said it would be a very expensive procedure if the Library asked
for quotes on the titles required.  He suggested sending a list
of requirements to the larger dealers and leaving it to them to
fill the gaps as occasion permitted. Miss Smith asked about
out-of-print books, and Dr. Dunlap replied that the same procedure
would apply to them in general.  The Library should not ordinarily
rebind a volume which could be replaced for approximately $5 or
less. Mr. Rothstein pointed out that some books obtained from
dealers were not in very good condition; he would prefer to order
only those published within the last five years.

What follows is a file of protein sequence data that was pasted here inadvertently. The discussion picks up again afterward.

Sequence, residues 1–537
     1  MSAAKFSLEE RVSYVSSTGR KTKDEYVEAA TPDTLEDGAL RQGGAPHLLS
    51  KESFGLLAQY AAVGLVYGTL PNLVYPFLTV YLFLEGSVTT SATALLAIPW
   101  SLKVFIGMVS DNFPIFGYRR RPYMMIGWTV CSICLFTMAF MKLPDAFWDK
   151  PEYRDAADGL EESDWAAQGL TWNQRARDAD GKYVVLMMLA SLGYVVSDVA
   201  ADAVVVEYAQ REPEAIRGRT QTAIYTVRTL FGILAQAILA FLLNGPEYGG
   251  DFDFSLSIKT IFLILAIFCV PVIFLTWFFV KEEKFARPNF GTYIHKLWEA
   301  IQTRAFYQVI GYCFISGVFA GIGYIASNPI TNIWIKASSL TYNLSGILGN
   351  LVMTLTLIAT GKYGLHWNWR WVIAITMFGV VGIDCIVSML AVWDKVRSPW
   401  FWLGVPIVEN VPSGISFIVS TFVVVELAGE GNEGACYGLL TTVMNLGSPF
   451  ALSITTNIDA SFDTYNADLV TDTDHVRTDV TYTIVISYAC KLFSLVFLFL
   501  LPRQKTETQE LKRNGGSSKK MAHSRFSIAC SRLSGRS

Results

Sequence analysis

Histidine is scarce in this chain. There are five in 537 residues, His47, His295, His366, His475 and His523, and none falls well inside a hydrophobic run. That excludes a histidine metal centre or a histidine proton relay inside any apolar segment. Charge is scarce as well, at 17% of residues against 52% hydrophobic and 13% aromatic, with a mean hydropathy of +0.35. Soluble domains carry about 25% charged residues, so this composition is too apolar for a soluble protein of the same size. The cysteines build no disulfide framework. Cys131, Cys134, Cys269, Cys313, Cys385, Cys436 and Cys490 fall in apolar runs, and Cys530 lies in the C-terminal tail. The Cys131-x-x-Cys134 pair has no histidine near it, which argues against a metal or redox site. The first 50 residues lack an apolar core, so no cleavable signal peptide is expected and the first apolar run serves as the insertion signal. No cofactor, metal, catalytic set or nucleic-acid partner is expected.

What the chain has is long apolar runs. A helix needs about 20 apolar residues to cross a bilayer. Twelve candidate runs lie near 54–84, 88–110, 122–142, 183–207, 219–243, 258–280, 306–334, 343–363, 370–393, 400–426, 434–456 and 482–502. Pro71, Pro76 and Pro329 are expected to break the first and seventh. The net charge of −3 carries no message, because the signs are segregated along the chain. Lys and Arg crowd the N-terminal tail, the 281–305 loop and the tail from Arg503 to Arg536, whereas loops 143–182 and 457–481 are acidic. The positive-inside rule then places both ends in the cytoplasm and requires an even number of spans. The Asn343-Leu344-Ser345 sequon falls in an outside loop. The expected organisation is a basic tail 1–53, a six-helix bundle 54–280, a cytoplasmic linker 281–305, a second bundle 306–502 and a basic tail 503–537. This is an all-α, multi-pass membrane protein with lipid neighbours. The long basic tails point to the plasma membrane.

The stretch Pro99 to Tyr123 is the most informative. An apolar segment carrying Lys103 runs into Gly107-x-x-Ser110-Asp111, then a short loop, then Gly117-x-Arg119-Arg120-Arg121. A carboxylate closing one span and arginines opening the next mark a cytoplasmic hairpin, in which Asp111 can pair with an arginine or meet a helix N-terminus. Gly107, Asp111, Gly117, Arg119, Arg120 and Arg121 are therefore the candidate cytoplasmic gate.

Miss Jefferd mentioned that the replacements would often not
be copies of the same issue as the discarded title, and this would
throw an added burden on her Division, with costs mounting there.
Miss Lanning asked if the Library could try to buy sturdily bound
books in the first place, and Mr. Rothstein replied that when there
was a choice the Library always did get the stronger book.
Similarly, paper-bound volumes are never ordered if a sturdier
binding is available.  Mr. Rothstein admitted that it was
unlikely that replacements would be identical copies of the
discarded titles, and that this would mean more work for the
Catalogue Division. He asked if repairs of a certain type could be
accumulated and sent to the Bindery in large batches, so that the
regular work there would not be interrupted so often. This would
mean having the books off the shelves for longer periods of time,
a difficulty for the Circulation Division. Many of the titles